Europe: Shares ends 2023 up 12.6% on rate cut optimism, Italy best performer

Rome: The pan-European Stoxx 600 edged up 0.1 per cent on Friday, posting its seventh straight weekly gain and its best December performance since 2021.

It closed the year 12.6 per cent higher, with rate-sensitive technology stocks among the best-performers.

Global markets have rallied in the last two months as bond yields retreated on hopes of central bank rate cuts in early 2024. Still, the European Central Bank has yet to indicate any potential easing ahead although money markets indicate an 80 per cent chance of a first cut in March.

The European share benchmark has recovered more than 12 per cent from lows in March when global markets were rattled by the swift collapse of Swiss lender Credit Suisse and US mid-sized lender Silicon Valley Bank.

Italian shares outpaced their regional peers this year, with an almost 30% rise, while Swiss and British indexes were the laggards.

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On Friday, media stocks led gainers, with a rise of 0.5 per cent, followed by banks.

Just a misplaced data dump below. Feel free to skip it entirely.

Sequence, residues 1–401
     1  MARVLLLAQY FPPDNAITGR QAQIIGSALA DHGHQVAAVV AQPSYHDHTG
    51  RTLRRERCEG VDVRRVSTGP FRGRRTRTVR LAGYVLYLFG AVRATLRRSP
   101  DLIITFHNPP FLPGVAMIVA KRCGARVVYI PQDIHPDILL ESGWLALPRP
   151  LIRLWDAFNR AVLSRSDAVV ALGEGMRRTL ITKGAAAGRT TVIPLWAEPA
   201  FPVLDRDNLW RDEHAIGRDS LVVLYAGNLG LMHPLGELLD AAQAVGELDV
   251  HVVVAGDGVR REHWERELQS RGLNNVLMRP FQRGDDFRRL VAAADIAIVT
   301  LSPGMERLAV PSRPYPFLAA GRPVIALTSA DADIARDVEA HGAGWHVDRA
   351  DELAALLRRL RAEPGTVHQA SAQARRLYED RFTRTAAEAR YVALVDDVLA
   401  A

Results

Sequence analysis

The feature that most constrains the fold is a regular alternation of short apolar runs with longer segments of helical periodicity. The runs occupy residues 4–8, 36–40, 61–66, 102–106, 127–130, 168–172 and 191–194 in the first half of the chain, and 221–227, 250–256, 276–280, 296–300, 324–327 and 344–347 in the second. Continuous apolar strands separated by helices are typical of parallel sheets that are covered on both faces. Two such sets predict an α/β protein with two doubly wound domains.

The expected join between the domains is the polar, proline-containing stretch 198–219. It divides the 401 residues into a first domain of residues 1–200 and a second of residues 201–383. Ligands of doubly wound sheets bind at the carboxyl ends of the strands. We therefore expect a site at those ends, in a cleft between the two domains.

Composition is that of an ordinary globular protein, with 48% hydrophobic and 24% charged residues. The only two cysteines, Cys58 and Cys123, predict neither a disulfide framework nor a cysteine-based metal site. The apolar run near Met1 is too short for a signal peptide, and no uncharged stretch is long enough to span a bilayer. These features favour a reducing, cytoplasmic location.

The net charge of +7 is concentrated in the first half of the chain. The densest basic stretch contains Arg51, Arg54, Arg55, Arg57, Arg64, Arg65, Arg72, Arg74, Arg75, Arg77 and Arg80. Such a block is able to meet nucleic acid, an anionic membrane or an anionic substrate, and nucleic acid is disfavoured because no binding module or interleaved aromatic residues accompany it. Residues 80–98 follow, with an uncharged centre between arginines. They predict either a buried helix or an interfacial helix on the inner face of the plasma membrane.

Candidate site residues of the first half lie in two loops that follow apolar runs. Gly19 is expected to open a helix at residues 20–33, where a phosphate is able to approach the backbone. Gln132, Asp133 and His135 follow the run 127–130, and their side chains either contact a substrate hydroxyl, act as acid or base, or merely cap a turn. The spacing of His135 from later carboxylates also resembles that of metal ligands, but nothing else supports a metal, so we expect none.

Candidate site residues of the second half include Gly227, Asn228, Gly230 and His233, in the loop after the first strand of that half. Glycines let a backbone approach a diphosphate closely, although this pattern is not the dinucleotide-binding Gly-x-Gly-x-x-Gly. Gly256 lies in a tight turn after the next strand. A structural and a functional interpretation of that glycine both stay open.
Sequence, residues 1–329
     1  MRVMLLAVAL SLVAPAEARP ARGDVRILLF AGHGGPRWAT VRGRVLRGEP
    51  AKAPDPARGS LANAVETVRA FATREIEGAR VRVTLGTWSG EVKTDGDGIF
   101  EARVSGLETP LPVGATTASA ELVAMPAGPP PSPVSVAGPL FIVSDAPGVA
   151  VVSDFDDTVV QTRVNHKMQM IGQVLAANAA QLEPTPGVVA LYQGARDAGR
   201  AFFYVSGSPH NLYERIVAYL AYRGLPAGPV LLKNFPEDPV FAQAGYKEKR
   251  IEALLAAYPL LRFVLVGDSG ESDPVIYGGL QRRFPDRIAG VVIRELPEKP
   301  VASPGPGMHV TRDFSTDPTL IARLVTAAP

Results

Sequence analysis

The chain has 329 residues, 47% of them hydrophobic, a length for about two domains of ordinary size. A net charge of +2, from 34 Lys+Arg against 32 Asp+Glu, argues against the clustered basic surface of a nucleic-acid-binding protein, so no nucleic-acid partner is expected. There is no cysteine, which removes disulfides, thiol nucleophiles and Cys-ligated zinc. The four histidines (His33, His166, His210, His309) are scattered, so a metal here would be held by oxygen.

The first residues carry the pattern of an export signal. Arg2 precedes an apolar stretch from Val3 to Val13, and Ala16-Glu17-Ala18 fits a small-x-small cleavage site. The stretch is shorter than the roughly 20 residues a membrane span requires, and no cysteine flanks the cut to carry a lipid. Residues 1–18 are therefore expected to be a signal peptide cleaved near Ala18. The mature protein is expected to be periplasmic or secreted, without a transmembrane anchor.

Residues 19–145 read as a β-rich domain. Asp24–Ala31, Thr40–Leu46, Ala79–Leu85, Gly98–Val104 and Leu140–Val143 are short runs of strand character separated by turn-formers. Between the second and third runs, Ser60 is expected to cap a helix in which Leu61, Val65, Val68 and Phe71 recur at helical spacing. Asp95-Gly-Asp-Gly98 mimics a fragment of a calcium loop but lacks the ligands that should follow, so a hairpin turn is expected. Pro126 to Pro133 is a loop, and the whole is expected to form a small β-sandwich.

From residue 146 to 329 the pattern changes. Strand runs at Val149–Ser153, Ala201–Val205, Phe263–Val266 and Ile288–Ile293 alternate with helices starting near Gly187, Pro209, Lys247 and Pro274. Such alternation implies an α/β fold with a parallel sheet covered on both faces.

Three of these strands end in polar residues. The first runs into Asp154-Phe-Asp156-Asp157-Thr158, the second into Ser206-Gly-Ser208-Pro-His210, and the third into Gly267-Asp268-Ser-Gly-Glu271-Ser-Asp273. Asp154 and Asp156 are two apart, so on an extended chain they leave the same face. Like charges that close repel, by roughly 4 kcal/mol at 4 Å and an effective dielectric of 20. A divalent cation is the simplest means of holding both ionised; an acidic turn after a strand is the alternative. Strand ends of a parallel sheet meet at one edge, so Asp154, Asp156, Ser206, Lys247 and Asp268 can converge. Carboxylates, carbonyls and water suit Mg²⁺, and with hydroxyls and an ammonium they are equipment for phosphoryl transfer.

Spanish stocks inched up 0.2 per cent after a preliminary reading showed the 12-month inflation rate fell to 3.1 per cent in December, from 3.2 per cent the previous month.

Shares in Spanish pharma group Grifols jumped 8.6 per cent after it agreed to sell a 20 per cent stake in China’s Shanghai RAAS Blood Products for about US$1.8 billion to Chinese home appliance company Haier Group Corporation.

Separately, mortgage lender Nationwide said British house prices fell by 1.8 per cent in the 12 months to December.

“Unchanged house prices in December ensured that over the course of 2023 they fell by much less than forecasters had expected,” Andrew Wishart, senior property economist at Capital Economics, said.

“With mortgage rates falling, it is increasingly likely that house prices avoid falls altogether next year.”

The UK’s FTSE 100 also edged up 0.1 per cent on Friday, ending the year 3.8 per cent higher but lagging most of its European peers.

Bourses across Europe will be closed on Jan 1 on account of the New Year holiday.